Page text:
Life can be quite uncanny at times, so when I found myself at an audition for a PSA to warn the world on the perils of pancreatic cancer, I could only shake my head sobbing, all the way through it.
Bill Hicks died of pancreatic cancer two months after his 32nd birthday many years ago, yet the mere mention of it made it seem like yesterday.
The kid running the session, 25, if he were that, at first, must have thought I was Sarah Bernhardt, till I told him why my emotions ran so high.
Next thing you know he’s interviewing me like a witness to a capital crime, that when you put it that way, is true. Someone so young and gifted, checking out is indeed more than a misdemeanor.
My recall was impressive. I said lightly, “oh, it’s the writer in me…ya know how we absorb everything,” then came clean saying, how much I had loved him, and how his sudden passing changed my life.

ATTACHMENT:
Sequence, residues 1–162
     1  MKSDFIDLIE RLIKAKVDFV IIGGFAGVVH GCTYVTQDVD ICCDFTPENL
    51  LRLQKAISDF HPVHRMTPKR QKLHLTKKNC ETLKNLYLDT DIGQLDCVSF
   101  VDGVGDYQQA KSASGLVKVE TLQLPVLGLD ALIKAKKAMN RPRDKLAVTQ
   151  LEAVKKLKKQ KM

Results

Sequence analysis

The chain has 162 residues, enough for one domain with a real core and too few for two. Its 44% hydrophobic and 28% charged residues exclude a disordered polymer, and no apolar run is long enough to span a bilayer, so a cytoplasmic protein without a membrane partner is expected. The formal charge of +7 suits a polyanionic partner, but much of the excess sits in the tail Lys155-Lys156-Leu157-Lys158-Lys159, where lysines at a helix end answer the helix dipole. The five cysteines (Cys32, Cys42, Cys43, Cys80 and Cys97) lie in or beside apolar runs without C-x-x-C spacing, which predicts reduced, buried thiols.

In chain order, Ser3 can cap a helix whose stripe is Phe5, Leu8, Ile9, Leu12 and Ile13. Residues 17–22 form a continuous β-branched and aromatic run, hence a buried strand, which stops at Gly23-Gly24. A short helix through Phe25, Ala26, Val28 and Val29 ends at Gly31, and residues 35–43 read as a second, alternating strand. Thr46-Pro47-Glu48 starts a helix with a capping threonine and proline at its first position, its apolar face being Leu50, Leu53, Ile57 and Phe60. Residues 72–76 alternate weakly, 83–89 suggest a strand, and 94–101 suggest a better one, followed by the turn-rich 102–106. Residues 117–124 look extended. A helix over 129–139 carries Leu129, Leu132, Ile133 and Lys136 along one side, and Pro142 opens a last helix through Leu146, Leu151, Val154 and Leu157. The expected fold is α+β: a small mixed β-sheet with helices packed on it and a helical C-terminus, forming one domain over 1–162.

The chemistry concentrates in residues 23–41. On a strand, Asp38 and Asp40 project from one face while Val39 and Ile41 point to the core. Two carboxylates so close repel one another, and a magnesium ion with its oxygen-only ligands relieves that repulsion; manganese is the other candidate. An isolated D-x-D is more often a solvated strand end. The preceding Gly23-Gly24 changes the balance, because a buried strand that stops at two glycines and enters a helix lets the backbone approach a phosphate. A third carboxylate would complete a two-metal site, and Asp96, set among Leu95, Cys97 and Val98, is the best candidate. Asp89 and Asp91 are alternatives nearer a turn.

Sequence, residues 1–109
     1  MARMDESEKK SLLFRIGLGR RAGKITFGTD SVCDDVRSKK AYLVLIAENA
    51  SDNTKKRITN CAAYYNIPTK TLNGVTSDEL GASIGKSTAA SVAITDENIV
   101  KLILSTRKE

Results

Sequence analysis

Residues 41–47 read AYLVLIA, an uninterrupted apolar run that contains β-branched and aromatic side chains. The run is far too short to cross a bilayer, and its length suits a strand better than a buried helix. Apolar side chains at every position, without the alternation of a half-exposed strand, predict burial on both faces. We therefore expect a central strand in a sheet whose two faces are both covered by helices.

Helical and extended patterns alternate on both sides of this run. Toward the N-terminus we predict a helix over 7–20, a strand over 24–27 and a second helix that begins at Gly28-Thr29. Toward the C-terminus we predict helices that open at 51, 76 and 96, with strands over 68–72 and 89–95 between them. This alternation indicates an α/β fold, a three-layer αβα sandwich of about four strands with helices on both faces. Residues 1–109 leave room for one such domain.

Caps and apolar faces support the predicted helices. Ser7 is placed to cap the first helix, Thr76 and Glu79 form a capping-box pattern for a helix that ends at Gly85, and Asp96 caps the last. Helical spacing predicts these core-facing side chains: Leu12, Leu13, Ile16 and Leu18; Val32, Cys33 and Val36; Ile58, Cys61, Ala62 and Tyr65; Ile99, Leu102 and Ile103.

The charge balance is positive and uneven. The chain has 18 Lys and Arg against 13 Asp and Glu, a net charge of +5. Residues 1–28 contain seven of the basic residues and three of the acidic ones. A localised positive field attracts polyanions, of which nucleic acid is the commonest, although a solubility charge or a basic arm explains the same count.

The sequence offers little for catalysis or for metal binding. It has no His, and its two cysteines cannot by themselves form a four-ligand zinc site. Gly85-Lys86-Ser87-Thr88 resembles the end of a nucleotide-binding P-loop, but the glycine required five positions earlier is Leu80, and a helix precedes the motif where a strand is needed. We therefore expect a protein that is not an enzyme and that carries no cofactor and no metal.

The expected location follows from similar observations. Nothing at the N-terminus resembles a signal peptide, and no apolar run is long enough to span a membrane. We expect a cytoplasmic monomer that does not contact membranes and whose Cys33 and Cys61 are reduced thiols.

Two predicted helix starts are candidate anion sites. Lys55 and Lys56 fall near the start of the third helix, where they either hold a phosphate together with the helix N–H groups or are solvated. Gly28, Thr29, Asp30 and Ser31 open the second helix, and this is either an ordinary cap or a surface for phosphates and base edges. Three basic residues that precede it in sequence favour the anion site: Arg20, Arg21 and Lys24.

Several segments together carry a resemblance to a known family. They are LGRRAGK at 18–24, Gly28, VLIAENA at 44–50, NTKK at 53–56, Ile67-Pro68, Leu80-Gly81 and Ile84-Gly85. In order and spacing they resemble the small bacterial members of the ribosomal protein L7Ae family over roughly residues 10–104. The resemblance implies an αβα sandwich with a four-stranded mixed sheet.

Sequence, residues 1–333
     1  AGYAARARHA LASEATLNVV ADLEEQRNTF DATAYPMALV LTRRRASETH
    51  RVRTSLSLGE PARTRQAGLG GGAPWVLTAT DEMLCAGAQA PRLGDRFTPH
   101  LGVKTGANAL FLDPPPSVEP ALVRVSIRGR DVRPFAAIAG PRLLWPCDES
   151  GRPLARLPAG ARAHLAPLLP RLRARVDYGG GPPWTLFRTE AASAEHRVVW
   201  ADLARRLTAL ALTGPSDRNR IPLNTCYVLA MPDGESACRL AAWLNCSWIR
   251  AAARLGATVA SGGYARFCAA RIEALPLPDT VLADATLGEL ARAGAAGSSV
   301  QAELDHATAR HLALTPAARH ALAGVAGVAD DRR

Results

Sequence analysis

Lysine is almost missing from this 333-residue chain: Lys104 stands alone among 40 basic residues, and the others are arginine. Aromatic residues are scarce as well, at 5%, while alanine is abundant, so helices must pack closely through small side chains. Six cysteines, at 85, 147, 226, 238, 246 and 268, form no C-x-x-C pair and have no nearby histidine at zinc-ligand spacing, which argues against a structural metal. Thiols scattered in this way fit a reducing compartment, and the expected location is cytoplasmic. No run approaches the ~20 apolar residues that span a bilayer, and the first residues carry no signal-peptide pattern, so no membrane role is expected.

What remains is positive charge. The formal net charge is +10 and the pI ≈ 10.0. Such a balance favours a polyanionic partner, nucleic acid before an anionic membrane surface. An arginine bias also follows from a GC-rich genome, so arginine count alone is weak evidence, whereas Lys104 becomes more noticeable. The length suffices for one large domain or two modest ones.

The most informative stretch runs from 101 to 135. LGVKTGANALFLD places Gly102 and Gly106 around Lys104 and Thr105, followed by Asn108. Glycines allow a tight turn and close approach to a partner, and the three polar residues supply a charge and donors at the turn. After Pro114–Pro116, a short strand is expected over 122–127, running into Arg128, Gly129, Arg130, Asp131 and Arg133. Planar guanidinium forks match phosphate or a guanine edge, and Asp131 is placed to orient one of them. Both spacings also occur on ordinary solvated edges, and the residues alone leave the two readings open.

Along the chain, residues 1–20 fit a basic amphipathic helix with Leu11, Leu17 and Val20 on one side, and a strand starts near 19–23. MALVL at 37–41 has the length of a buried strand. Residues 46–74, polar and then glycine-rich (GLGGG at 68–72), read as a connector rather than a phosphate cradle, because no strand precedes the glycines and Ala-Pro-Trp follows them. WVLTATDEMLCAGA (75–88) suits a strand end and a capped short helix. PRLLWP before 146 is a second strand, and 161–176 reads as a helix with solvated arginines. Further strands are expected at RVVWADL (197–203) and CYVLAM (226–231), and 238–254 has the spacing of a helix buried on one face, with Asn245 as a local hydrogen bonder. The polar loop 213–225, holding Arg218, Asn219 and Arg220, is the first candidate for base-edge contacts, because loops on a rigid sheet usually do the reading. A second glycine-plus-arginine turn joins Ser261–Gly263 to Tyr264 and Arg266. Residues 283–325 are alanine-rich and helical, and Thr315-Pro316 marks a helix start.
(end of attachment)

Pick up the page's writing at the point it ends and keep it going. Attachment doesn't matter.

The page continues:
“How so?” he asked, genuinely riveted by the coincidence of it all.
“My innocence died along with him, that he could be gone from such a hideous, how did he get it…why him, cancer in what seemed like an instant.”
Then it was my turn to ask the big daddy of questions.
How can one prevent something so sneaky, knowing along with ovarian, is a cancer that is slyer than the rest. You can’t live without your pancreas after all. It’s like a car minus it’s motor.
The session then ended, saved by the bell, because frankly, I don’t think I really wanted to hear the answer since, alas, I don’t think even now, there is one.
Sorry Hicks. So sorry.